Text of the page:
to start our garden plants in the late winter/early spring as well as
our mist system for plant propagation in early summer.
I didn't get the end walls framed in as I had intended, so for this
year I just covered them with plastic. The right "door" side in the
picture is covered with two overlapping pieces of plastic to allow us
to get in. The flaps are held together on the bottom by a big rock. We
have plenty of those lying around...
BBRRRR!!!! Baby it's cold outside!
It's 22 degrees as I write this on Nov 21st, 2008. I covered the bed with a
floating row cover to add additional protection for the greens. The
only thing we put on this bed besides a row cover was water as needed
to help them grow. Simple winter garden greens at their finest.
Not bad for a first try, huh?
This is what's under the row cover. Winter Gardening at Blackberry Blossom
Farm is a success!
We've been cutting and eating these greens since three
weeks post planting. The greens are very tasty, not bitter at all and
with absolutely no insect damage. Bee Berry Farm friend, Janel
says she likes them better than our summer greens. I think we agree.
We've been eating these for weeks and of course sharing with our friends and
neighbors. We'll be updating our
page for cold season crops we planted in late summer, so take a peek at that.
Sunlight and Time for Growing Winter Gardens...
I remember reading somewhere, I believe it was in one of Eliot Coleman's
books, that plants do not grow any more after the daylight length drops
below 10 hrs each day. The length of daylight depends mainly on your
latitude. I put on my "nerd hat" and found an equation on the internet
which calculates the length of any day at any latitude. I wrote a short
computer program which does these calculations and displays the
daylight length for every day of the year. It also counts the number of
days below any daylight threshold (such as 10 hrs) and calculates the
amount of time each day is below the threshold.
The whole idea seems a little silly I know, but my idea was that maybe grow
lights could be used during the below threshold times and the plants
would continue to grow all winter. I’m sure the 10 hour threshold is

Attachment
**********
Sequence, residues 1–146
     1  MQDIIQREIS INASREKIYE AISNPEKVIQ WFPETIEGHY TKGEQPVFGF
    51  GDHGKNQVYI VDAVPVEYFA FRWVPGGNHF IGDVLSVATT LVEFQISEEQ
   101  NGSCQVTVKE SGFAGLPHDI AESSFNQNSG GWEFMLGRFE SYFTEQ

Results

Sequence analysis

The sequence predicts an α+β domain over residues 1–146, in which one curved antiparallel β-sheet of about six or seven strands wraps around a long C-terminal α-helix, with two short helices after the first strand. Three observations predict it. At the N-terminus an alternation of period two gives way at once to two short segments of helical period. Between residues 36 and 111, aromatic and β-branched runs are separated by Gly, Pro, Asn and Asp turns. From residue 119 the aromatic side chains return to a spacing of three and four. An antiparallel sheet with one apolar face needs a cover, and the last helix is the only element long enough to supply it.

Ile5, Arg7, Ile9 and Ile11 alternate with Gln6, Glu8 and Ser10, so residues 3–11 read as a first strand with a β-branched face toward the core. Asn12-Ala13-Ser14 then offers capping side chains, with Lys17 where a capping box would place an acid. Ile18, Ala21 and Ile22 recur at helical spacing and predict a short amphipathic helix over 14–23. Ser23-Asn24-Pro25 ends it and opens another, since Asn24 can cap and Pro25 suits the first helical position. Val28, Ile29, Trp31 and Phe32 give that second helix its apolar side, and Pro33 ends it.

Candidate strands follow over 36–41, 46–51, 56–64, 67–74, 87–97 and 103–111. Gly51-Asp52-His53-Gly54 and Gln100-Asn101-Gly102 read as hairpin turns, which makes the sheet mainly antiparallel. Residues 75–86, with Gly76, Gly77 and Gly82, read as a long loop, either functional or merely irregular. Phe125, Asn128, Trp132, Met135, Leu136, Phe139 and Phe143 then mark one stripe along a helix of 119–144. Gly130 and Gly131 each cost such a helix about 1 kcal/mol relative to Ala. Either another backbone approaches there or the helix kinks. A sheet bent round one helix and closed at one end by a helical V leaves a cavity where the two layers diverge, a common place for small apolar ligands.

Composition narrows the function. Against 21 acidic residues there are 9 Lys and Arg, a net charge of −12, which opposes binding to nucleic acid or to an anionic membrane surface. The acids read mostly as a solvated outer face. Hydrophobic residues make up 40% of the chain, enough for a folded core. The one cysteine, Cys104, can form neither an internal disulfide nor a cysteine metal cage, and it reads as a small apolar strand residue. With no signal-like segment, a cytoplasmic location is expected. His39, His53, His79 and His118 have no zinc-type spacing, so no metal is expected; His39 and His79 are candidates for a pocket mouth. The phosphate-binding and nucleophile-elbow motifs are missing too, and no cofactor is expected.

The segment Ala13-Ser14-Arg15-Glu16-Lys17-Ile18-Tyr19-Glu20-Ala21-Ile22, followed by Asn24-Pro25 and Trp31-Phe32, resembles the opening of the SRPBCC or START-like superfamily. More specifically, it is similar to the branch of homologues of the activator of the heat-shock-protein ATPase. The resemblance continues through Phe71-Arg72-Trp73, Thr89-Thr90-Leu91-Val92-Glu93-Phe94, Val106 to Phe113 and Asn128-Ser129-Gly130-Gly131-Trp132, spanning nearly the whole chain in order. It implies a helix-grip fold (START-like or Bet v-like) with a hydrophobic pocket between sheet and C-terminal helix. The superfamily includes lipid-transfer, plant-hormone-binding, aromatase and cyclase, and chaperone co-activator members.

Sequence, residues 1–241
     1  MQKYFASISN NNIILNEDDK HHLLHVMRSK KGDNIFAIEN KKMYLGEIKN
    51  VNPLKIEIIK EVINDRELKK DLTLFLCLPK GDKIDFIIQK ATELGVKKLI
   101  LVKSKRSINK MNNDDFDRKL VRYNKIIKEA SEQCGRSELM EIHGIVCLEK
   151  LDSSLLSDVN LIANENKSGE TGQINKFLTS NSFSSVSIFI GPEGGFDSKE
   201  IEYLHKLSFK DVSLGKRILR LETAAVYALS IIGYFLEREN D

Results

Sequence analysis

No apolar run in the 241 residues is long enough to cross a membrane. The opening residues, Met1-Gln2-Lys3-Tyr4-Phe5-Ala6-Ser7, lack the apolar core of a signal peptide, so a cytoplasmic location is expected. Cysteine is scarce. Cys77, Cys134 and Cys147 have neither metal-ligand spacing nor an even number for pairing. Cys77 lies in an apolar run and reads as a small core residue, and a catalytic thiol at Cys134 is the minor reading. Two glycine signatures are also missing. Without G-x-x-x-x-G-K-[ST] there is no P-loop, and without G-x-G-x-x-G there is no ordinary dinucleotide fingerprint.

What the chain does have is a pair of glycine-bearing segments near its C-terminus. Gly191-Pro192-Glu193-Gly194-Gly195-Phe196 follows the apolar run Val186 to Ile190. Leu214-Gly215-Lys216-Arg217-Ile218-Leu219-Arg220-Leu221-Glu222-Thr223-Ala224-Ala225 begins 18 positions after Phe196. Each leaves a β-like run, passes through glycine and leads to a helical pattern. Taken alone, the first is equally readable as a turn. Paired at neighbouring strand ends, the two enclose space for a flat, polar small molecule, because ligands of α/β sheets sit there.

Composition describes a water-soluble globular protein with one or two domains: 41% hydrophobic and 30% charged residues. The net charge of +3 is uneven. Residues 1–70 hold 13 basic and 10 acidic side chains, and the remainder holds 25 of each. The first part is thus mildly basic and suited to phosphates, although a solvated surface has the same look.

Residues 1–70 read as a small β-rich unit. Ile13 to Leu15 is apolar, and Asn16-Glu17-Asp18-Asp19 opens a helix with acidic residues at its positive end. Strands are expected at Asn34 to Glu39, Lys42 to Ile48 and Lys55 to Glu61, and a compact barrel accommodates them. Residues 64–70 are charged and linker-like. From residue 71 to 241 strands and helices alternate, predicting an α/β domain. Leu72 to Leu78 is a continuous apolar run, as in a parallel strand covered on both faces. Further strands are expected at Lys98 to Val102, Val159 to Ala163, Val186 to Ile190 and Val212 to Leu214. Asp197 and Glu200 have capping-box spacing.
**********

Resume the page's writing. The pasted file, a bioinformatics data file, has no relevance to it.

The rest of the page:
not exact. Few things in nature are. It turns out that where we are in
East Tennessee, daylight length drops below 10 hours from Nov 25th
through Jan 18th. The shortest day, which is Dec 21st of course, is
still 9 hrs 41 minutes long. Grow lights over the beds for a hour at
dusk just might do the trick.
We'll post results as we acquire the data.
Update: Jan 30,2009
The winter greens did very well until late December. The shortened
daylight didn't seem to have much affect on them growing so I
never tried the growlights. They survived a 10 degree F. night with little
damage but in late December a cold front dropped the temperature to -2 degrees
F and the salad greens did not survive. However, we have some carrotts and kolrobi planted in
the same bed and they are still growing! We replanted the salad greens
in late January. We have had some days in the fifties, but it
remains to be seen if the soil in the bed warms enough for the seeds to
Update: Dec. 2009
This has not been a good year for our farm. All of our crops suffered from the recent drought followed by a really wet summer.
We did have hopes for the greenhouse though. I finally enclosed the front end and installed an old screen door we found at a second hand store and covered it with plastic
Two weeks before Christmas a winter storm with very high winds blew the plastic out of the back end of the green house.
The next day, the temperature dropped into the teens and killed what crops we had growing.
The week before Christmas the storm shown here dropped 13" of snow.
Such is life in these mountains!
When the weather breaks a little, we will clear the beds and replant and hope for the best!